Introducing the AMNH Accessions Archive Digitization Project

by Heather Knapp on

Gottesman Research Library News

Image of AMNH Accession Card Archive boxes. Boxes from the American Museum of Natural History Accession Card Archive
H. Knapp/© AMNH

      A most important piece of administrative work has been the inauguration of a new system of recording accessions, loans and exchanges, which, by the energy of Mr. Pindar, and with the hearty cooperation of the departments, has put the records in most excellent and available shape for preservation and reference.
     Forty-third Annual Report of the Trustees of the American Museum of Natural History for the Year 1911

Seven boxes of 6,529 index cards. Seventy-three boxes of paper files. Eighty-one additional boxes of uncounted index cards. One hundred ten boxes of accession logbooks, shipping notices, and receipts. I often wonder, when George Pindar began the process of organizing the accessions archive of the American Museum of Natural History in 1911, did he know just how valuable his record-keeping would be to us over 100 years later and that it would grow to encompass seven bookcases worth of compact storage?

Since its founding in 1869, the American Museum of Natural History has acquired over 34 million cultural artifacts and scientific specimens. As they are formally added to the Museum’s permanent collection, to be held in public trust, acquisitions (composed of one or more objects) are legally accepted via a process of review called accessioning. Accession records document the legal transaction that transfers title and establishes stewardship responsibilities of artifacts and specimens to the Museum. Although the process by which the Museum officially records accessions has evolved since Pindar was our Registrar, the vast archive continues to include the most germane information on when, how, and by whom artifacts and specimens were donated or acquired. As the Registrar for the Permanent Collections of the Museum, I continue to manage the accession records archive, and work closely with the five AMNH scientific Divisions to process all accession records for newly acquired specimens or artifacts.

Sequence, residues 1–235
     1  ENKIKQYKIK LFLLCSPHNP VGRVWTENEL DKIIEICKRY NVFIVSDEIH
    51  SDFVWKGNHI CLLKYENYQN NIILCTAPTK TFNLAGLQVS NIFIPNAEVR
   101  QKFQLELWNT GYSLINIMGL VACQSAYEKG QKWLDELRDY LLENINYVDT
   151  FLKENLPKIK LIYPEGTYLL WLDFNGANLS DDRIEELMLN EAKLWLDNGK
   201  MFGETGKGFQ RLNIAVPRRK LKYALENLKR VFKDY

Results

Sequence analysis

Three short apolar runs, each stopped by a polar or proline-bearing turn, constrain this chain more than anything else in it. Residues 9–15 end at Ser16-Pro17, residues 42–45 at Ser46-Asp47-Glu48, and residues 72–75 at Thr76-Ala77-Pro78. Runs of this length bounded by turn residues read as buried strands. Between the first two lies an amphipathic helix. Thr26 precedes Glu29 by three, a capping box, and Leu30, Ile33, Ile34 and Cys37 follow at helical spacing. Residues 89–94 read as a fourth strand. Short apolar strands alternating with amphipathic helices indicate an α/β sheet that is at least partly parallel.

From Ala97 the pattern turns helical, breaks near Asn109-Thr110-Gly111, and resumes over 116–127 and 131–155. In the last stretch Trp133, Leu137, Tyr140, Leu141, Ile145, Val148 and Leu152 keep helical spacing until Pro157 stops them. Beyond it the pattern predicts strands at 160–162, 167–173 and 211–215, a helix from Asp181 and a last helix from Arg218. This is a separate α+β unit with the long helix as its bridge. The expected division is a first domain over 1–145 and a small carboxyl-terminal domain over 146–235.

Part of my job is to assist collection staff, exhibition developers, researchers and others with gleaning information from our archive, such as pinpointing accession numbers, object status (i.e., when or how it was acquired), donor details, or dates of receipt, among other information. Examples include requests for wildlife specimens for loan, either for scientific research or for display requiring confirmation of the specimen’s acquisition date and provenance; verifying identifying numbers marked on an artifact or specimen and confirming when an acquisition came in, from whom, or when it was accessioned; and confirming the historic accuracy of a collection or relationships between collections. Currently, to answer these requests, I must search the archive by hand, paper by paper, or card by card. The records are organized by chronological date, by individual department name within the five scientific Divisions, or by donor name. If we are not provided with these key pieces of information, it is nearly impossible to respond to requests. Although I thoroughly enjoy handling these aging papers up close and sifting through their contents in my search for answers, in our current age of constant access to information at our fingertips, it is well overdue for this archive to be digitized, enabling quicker access and the ability to respond to queries more efficiently.

In 2021, we embarked on a three-year project to digitize, transcribe, and provide searchable access to this archive, supported by the Institute of Museum and Library Services Museums for America grant. My office is working with staff from the Museum’s Research Library, utilizing their relatively new Digital Asset Management software to hold this archive. The Library’s service is supported by the Leon Levy Foundation as part of the Shelby White & Leon Levy Archive Initiative at the American Museum of Natural History Library.

Be sure to watch these pages as we unpack and examine over 150 years of Museum history encapsulated in our accession records.

This is the first post in a series about the Registrar’s Accessions Archive Digitization Project. This entry was written by Heather Knapp, Registrar, Permanent Collections.

This project was made possible in part by the Institute of Museum and Library Services, IMLS Grant #MA-249747-OMS-21.